Because of the close interaction between opioids and the brain’s receptors, even if the pain does goes away, the end user may already feel heavily reliant on their opioid medications and that they cannot go on without them. They may start exaggerating their pain to the physician, or even go to multiple physicians in an effort to “double doctor”. When these physicians realize what is happening and flag that patient in their database thereby cutting off their legal opioid medication supply, that is when things can turn ugly for the patient.
Due to the extreme withdrawal symptoms they will undoubtedly suffer as a result, they may go to extreme lengths to attain these legal drugs but this time from the black market or another illegal source. They may begin stealing opioid drugs or medications from their friends or even from their family member’s medication cache. Next, they may turn to buying stolen or illegal opioid narcotics from the street simply to keep their fix going. Finally, when their money supply dries up from the endless pursuit of seeking another fix, they may turn to dealing the illegal opioid drug on the open street in order to secure a cheap supply of these opioids for their own use. This gutter-living lifestyle is definitely not where most prescription opioid users ever thought their lives would end up, and this is certainly not where we want anyone to end up much less our loved ones.
It is sad that the origin of this scenario all stemmed from what seemed like an innocent, legal relief for intense pain. This teaches us that though these prescription medications are legal, they are definitely not a force to underestimate. The soaring number of prescriptions being given out by physicians since the 1990s until today seems to be unlocking the dangerous gateway to other illegal opioid narcotics such as doda and afeem, illegally traded morphine, and one of the more popular and dangerous opioid that is dealt illegally on the streets: heroin. We will discuss this opioid and its killer effects further in a future substance awareness article.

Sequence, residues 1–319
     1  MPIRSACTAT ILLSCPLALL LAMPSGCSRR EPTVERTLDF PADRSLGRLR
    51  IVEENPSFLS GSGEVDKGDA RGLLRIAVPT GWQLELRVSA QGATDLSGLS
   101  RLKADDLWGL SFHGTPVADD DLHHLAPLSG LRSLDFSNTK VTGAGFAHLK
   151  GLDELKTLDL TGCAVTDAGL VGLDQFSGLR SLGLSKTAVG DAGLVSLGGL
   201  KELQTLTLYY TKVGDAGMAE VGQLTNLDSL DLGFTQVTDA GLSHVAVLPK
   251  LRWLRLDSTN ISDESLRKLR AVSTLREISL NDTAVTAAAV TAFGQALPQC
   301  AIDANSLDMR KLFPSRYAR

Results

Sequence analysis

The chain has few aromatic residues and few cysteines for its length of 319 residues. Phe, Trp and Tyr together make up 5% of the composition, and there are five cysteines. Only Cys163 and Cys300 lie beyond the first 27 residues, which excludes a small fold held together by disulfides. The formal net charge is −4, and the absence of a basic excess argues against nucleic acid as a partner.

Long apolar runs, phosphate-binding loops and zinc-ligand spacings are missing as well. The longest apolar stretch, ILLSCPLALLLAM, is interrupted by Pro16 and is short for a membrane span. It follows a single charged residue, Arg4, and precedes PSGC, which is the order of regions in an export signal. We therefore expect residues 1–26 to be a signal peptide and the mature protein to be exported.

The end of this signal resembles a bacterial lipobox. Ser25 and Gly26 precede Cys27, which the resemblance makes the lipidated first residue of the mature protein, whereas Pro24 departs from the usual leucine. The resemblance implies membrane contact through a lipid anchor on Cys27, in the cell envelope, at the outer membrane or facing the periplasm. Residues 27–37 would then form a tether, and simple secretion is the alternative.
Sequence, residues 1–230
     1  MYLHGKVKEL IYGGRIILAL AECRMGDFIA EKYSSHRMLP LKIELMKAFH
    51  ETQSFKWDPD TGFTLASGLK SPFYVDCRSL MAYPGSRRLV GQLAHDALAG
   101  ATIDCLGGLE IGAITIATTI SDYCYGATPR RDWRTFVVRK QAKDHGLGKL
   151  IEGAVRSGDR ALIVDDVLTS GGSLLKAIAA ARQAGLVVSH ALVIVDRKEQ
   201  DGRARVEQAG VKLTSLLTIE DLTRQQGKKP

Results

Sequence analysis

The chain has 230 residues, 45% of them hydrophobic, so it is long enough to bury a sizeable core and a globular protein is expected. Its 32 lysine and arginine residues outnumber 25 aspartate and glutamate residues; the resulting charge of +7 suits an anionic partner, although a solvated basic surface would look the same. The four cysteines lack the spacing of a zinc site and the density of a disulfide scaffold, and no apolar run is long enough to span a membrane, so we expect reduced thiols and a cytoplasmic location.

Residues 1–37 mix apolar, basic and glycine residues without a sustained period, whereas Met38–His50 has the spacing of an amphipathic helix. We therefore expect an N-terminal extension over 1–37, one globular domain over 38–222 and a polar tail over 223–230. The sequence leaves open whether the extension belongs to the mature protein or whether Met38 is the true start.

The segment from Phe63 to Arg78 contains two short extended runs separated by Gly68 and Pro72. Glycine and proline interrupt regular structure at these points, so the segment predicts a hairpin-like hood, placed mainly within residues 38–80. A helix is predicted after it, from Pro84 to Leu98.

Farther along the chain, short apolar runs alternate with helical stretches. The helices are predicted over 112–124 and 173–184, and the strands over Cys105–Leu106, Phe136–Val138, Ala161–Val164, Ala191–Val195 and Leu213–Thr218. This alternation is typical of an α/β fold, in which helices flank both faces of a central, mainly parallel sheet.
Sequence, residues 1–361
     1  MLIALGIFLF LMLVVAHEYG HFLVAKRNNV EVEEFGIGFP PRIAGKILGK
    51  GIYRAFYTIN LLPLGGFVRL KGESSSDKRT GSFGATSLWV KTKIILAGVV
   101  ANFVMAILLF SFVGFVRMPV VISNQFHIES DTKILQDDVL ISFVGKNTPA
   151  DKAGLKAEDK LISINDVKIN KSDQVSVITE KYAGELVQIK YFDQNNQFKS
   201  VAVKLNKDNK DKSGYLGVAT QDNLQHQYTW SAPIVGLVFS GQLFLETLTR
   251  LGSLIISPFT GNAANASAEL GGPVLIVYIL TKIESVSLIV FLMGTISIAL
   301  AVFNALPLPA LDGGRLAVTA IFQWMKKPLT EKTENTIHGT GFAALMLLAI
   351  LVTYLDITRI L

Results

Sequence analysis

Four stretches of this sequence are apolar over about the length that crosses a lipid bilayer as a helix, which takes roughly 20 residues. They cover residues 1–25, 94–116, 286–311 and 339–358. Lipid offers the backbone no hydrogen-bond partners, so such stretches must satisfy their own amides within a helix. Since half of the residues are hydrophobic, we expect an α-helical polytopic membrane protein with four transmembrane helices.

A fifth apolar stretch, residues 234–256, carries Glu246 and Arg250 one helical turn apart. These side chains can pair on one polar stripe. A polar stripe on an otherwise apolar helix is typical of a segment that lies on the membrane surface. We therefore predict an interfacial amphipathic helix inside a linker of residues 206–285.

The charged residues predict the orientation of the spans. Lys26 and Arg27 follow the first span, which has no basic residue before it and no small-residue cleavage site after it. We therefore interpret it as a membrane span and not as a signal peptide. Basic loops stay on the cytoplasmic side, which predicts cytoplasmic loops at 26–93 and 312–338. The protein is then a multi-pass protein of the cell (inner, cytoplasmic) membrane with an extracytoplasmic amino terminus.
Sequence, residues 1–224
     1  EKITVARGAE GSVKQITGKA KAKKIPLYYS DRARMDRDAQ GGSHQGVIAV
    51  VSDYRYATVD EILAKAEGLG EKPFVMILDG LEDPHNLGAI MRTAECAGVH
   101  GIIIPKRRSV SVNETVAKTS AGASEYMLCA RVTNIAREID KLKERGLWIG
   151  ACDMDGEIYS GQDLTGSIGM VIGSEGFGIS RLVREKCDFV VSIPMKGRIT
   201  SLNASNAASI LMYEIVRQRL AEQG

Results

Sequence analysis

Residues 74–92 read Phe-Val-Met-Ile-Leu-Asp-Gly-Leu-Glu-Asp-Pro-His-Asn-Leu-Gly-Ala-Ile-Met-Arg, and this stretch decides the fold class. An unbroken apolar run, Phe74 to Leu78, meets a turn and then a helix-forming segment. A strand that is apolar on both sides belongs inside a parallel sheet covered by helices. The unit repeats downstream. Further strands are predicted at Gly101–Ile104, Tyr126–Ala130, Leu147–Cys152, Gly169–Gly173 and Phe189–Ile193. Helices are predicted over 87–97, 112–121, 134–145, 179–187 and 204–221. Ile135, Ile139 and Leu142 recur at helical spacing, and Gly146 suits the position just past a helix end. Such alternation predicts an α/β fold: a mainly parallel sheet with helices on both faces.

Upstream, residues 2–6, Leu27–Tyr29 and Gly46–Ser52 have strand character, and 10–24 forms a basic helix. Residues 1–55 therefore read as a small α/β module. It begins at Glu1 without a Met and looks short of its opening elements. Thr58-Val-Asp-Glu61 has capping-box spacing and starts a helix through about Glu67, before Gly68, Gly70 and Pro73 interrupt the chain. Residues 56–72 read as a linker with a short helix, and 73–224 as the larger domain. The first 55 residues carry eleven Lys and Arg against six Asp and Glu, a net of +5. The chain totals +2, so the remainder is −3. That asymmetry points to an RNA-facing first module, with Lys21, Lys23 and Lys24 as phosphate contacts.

Concern for Truck Drivers
Many professions have some potential health risks that come with the job. Long haul truck driving is no exception as it is demanding on the body and can result in increased mental, physical and emotional fatigue. These conditions can arise from sitting behind the wheel for extended hours, continuous vibrations when driving, and lifting or moving heavy objects very soon after a long drive. In flatbed trucking alone, some heavy items might include lifting or applying heavy tarpaulins, water logged wood dunnage, load securement chains or frozen tire chains; Any of these could cause a driver to develop chronic pain in their knees, lower back, shoulders or neck.